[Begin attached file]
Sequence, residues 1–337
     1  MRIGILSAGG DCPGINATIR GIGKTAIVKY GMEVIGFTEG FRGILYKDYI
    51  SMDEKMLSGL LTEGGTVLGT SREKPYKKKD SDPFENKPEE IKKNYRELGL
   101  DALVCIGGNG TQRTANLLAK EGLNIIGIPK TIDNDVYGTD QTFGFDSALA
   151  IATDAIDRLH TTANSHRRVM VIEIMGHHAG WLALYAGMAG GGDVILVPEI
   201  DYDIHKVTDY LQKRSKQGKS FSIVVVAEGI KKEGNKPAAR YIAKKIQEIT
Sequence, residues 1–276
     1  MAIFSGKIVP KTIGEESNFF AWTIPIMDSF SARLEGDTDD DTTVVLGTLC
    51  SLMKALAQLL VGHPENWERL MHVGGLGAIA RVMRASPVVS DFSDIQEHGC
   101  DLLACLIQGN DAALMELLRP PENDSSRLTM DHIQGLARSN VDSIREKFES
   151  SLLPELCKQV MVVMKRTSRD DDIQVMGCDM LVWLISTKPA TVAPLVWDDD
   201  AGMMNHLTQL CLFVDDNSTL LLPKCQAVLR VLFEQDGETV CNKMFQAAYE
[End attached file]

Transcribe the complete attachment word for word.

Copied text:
Sequence, residues 1–337
     1  MRIGILSAGG DCPGINATIR GIGKTAIVKY GMEVIGFTEG FRGILYKDYI
    51  SMDEKMLSGL LTEGGTVLGT SREKPYKKKD SDPFENKPEE IKKNYRELGL
   101  DALVCIGGNG TQRTANLLAK EGLNIIGIPK TIDNDVYGTD QTFGFDSALA
   151  IATDAIDRLH TTANSHRRVM VIEIMGHHAG WLALYAGMAG GGDVILVPEI
   201  DYDIHKVTDY LQKRSKQGKS FSIVVVAEGI KKEGNKPAAR YIAKKIQEIT
Sequence, residues 1–276
     1  MAIFSGKIVP KTIGEESNFF AWTIPIMDSF SARLEGDTDD DTTVVLGTLC
    51  SLMKALAQLL VGHPENWERL MHVGGLGAIA RVMRASPVVS DFSDIQEHGC
   101  DLLACLIQGN DAALMELLRP PENDSSRLTM DHIQGLARSN VDSIREKFES
   151  SLLPELCKQV MVVMKRTSRD DDIQVMGCDM LVWLISTKPA TVAPLVWDDD
   201  AGMMNHLTQL CLFVDDNSTL LLPKCQAVLR VLFEQDGETV CNKMFQAAYE